UO: ‘We will not be a bubble in your neighborhood’
“The partnerships are just beginning,” Jane Gordon vowed March 2 at the Concordia
Neighborhood Association (CNA) general meeting.
The University of Oregon (UO) vice provost for Portland spoke to more than 50 online participants, and noted she is assigned to oversee the university’s new campus planned for the former Concordia University site.
One day earlier, UO announced its intent to purchase the CU campus to house most of its Portland academic programs and to launch the Ballmer Institute for Children’s Behavioral Health.
‘We will not be a bubble in your neighborhood at all,” Jane said, adding that connecting with the community is a priority. UO staff, faculty and students on the campus will look for ways to engage in the community, she said, on “issues you’re working on, or ways in which our presence enhances the neighborhood.
“Anything you want us to be thinking about early on, let’s make sure that we know them in the next few months,” she added. “We expect to be in conversations with you.”
Matt Roberts, UO assistant vice president of community relations, said the question he receives most is whether Concordians will have use of the campus recreation and athletic facilities.
“We hope to have an open door, providing it’s not in use by our own students, or facilities are being used for the university’s purpose,” he said. “This will all evolve over time, but we hope to have facilities available to the community in much the same way Concordia did.”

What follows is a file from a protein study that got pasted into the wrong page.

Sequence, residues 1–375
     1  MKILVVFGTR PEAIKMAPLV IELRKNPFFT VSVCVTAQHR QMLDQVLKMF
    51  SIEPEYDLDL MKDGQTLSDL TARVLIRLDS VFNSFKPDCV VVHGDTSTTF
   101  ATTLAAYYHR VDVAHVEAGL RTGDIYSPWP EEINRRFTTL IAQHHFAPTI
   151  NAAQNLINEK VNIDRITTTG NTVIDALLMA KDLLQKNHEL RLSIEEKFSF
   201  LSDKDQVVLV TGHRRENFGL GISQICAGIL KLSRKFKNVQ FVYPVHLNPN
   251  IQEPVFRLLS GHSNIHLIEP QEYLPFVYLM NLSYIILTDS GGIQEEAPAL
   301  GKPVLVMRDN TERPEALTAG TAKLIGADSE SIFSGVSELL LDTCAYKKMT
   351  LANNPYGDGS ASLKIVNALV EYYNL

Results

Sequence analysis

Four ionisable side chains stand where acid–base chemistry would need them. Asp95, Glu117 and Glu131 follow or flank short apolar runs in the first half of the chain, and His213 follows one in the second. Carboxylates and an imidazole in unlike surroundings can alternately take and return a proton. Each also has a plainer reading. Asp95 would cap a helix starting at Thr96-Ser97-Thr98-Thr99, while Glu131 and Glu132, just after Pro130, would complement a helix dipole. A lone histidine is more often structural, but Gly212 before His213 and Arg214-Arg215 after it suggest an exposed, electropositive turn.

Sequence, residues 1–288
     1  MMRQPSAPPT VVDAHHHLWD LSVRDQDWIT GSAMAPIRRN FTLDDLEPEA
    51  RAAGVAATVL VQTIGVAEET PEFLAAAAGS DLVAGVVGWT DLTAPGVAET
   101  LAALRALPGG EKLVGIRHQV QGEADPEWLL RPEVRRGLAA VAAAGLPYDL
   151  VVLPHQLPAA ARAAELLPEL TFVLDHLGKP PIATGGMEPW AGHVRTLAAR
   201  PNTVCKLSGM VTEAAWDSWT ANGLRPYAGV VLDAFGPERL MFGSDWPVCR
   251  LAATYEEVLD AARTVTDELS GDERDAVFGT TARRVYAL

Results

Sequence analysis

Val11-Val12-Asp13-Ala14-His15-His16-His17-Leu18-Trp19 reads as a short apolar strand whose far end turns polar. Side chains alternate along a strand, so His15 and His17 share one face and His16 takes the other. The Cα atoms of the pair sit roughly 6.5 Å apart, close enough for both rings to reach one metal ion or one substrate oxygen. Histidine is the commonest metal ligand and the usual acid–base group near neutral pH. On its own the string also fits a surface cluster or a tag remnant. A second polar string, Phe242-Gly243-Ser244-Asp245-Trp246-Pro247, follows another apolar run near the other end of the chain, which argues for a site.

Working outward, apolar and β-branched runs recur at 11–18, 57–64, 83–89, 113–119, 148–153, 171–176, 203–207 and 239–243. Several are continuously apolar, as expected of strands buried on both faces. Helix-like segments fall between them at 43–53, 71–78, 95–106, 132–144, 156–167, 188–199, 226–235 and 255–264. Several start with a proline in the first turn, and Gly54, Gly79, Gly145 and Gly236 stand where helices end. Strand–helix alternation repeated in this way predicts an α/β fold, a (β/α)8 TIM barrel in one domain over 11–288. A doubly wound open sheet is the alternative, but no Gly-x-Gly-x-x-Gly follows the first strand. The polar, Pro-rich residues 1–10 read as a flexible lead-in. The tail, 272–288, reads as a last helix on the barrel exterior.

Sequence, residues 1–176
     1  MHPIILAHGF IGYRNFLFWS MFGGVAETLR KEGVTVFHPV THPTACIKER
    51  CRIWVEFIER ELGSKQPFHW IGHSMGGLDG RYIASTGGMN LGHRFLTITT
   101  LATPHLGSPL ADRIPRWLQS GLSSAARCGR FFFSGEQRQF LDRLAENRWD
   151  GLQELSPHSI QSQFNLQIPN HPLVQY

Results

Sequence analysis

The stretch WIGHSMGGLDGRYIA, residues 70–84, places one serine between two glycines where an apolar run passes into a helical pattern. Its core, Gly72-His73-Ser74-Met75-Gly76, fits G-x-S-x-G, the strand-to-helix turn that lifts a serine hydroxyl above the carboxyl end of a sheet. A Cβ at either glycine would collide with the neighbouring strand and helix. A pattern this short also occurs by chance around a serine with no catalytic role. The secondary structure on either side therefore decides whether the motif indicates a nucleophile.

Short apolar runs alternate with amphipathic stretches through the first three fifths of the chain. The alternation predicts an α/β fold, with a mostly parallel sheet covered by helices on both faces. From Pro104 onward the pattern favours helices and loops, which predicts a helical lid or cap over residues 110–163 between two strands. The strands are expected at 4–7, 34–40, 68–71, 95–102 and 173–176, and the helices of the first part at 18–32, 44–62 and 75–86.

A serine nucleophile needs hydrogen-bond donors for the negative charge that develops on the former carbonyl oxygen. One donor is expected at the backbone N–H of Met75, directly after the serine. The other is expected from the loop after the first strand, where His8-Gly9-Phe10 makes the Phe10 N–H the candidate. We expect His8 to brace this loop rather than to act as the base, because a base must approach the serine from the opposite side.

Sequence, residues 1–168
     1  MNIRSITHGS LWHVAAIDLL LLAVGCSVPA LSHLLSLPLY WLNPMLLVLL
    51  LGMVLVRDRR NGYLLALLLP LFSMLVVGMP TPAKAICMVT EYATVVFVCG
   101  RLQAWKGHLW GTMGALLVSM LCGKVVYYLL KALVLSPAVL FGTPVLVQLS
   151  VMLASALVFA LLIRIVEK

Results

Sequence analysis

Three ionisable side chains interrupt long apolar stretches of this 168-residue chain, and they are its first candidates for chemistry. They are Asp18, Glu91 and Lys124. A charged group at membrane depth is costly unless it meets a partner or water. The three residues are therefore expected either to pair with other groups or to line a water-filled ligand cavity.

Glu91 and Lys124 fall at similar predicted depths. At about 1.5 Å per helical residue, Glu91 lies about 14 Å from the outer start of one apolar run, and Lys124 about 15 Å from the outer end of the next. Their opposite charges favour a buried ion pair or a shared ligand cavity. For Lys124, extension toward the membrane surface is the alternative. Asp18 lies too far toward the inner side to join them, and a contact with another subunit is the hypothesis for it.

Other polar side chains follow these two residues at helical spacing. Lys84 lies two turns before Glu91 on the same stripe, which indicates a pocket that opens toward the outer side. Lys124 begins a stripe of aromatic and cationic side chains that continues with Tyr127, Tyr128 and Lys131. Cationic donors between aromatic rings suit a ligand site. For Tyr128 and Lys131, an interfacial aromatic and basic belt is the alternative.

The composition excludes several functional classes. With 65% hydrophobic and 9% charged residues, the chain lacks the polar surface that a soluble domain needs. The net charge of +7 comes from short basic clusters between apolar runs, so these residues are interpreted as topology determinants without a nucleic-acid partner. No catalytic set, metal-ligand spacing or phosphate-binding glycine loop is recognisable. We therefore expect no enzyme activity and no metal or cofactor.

Aside from hosting occasional events, he explained, the new UO campus won’t have its own athletic programs there. So he believes those facilities will be available to local groups.
Jane added that she believes residents will be allowed to use the campus library. “Some of us have completely fallen in love with the children’s library,” she said of what CU left behind.
Meanwhile, principal Karmin Williams of Faubion School – located across Dekum Street from the university campus – said UO representatives have already reached out to her, and she’s enthusiastic about building a partnership.
“There were many parents squealing in delight,” Faubion PTA president Tracee Johnson
added about the previous day’s announcement. “You’ll have a generation of Duck fans for sure.”
Matt expects school districts will be able to beef up their pre-k through high school mental health services with future graduates of the campus’ Ballmer Institute for Children’s Behavioral Health.
“This whole program will be developed over time with best practice research.”
He added that UO expects to form partnerships with Portland and Mount Hood community colleges, and others across the state.
UO estimates the institute will enroll about 200 people on the Concordia neighborhood campus.
Meanwhile, the plan calls for 500 students to move from their academic programs in Old Town at the White Stag Building to the new site. Those programs include master’s degrees in executive business administration, journalism and more, including third-year law classes.
As for a timeline of campus development, Jane said she couldn’t offer one because the university still has to actually purchase the property – with a vote of the university’s board of trustees this month – and then undertake such tasks as facilities inspections.
“It will be a move that makes sense,” Jane said. “We’re not going to rush into moving sooner than we should. Faculty, students, staffs will be smart about the way we occupy space.”
She added that she expects some course offerings this summer, and more this autumn.
“And growing and growing after that.”
– Nancy Varekamp, March 6, 2022